Sunday, September 26, 2010

New Blue

I rent a row house in the eclectic Stations North neighborhood in Baltimore. The neighborhood homeowners voted to erect a blue light on my corner to eliminate nearby transvestite prostitution.

Dear Homeowners, you're pissing on a hornet's nest. You conceded the territory as soon as you put up that light. Sure, up the street and down the way there were prostitutes but not on this corner. So yeah, sometimes at 4AM someone walked and yelled down the street in dramatic fashion. But you put up a light, everyone knows that corner is for sale and now you got manifest destiny. Every pusher, thug and junkie knows there’s action nearby. Good citizens passing through ain’t stopping here, ain’t buying here, ain’t renting here. All you’ve done is lower your property's value. You have to think like a criminal. You’re thinking like a man who has something to lose. 

I’m not saying I’m a thief or drug addict, but I’m not saint. And I know that there’s a difference in a man that does and doesn’t consider breaking the law every day. You wake up, breaking the law doesn’t even cross your mind. Sure, maybe you run a yellow light but when you’re at the grocery store you’re not considering stealing, starting an argument, raising any attention to yourself. You just want everyone to smile back at you so you can return home safely. Someone that has it bad, right and wrong is relevant. A means to an ends is nothing to sweat. They see a fence, they jump it. They see a window, they break it. And so what if they do. They’ve been beat up and broken down and made to feel worthless. Society tells the criminal, “Fuck you." Why should they care about war or the economy? Or you? They don’t care about yesterday or tomorrow. They care about now. And putting up a blue light is tapping them on the shoulder and giving them the finger. Now you’ve challenged them. You made a game of it. Given them a platform to say “Fuck you” back.

It used to be the prostitutes rarely showed their faces around here. Now they stand on the corner opposite the blue light for fun. Fuck you. Don’t forget the thrill of the heist. There is a reason you misbehaved when you were young. It’s fun. The risk of getting caught only makes it more exciting. Those are the times you remember. This blue light is making crime more exciting. The longer they go without getting caught the more bold they get. You only feed their egos with that light. Now my friends witness sex in cars parked under that light on a regular basis. And drug dealers are making themselves known at all hours of the day.

If blue lights were kryptonite, they wouldn't still need one three blocks away next to the police department three years later. A predator’s only predator is himself. You don’t stand a chance. Better not to provoke him. That’s pre-emptive shit, like in the middle east. Don’t try and scare them unless you’re prepared to go all the way, and beat them at their game. You don’t strike me as that kind of gangster. Your playing a different game with different rules. This isn’t a courthouse. You don’t bring a firm handshake to a gun fight.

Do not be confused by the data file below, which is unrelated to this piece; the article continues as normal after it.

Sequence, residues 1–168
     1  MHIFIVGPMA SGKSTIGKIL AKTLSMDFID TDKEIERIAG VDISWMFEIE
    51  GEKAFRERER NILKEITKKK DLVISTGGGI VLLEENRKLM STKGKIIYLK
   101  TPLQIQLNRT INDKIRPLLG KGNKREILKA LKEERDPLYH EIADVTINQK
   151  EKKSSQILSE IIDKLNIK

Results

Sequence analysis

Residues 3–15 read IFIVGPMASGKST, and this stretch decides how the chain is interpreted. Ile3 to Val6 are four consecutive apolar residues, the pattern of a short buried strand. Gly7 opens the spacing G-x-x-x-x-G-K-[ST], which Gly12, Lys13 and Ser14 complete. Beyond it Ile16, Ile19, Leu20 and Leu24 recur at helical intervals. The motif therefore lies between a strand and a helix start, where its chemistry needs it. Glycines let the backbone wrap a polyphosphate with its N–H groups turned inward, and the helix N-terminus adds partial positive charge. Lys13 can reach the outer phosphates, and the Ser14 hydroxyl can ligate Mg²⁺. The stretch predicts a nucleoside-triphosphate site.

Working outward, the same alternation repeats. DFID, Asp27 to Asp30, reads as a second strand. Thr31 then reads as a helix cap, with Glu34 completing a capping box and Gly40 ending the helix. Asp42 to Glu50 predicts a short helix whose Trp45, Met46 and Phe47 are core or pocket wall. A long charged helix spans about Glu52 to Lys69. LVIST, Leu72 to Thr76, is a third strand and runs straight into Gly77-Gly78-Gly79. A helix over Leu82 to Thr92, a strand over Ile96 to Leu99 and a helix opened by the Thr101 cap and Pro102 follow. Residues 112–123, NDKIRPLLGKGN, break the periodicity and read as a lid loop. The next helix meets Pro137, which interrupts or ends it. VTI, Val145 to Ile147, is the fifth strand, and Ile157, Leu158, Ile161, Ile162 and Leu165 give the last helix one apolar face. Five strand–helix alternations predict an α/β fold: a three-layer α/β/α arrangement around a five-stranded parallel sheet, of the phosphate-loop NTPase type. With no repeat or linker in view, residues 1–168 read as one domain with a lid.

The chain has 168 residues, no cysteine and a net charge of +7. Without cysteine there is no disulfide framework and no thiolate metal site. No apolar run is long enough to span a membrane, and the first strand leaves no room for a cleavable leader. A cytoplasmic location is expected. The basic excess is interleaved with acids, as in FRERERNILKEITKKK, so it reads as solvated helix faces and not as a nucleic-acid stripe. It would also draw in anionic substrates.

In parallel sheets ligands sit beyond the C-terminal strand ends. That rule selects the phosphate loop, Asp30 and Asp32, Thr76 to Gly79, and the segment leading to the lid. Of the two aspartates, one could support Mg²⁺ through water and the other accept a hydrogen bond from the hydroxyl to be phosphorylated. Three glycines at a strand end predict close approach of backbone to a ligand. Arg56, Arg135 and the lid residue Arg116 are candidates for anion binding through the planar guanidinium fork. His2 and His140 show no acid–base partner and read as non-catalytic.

Anything Less Would Be Uncivilized

I fight HIV in Africa from a desk in Baltimore. A major thorn in the prevention of HIV is rape. Mass rape in the Congo, Nigerian Militants raping pregnant women, and over one million annual virgin and infant rapes in South Africa are enough to disgust even those with little social conscience. This sort of cultural behavior is viewed as unique to the third world where human rights, social values and education are antiquated at best, barbaric at worst. There is no way we would allow such horrors here in the U.S. No way we'd abandon women, children and turn our cheeks when the most hanus crimes are evident in our own backyard. Aside from a television in every home, maybe we're not as first world as we believe we are.

Recently, a wave of gross disappointment has hit Baltimore that probes the question, just who can we trust? According to several reports, we cannot trust MTA OfficersSecurity Guards, or Baltimore City Police. A friend of mine involved in one of these cases says this is the tip of the iceberg. Other reports suggest hospital staff also neglect to test and treat women reporting rape. All of this on top of Baltimore City Police having to defend themselves in response to a recent report claiming that Baltimore has the nations highest rate of unfounded rape cases.

This suggests that the U.S. and African countries both perpetuate the problem thanks to shared deep-rooted denial and corroboration with perpetrators. But this sort of news rarely makes the front page so I hope major media follows these cases to the end. It's pretty rare that you hear about rape in Africa. It's a downer; acknowledging and discussing the rape epidemic in Africa might call too much attention to our own insecurities. Regardless of what comes of these local rape cases, I'm sure the results will only make the back page. Our only other option would be to confront the problem. Maybe after after elections... until then, women and children live at their own risk.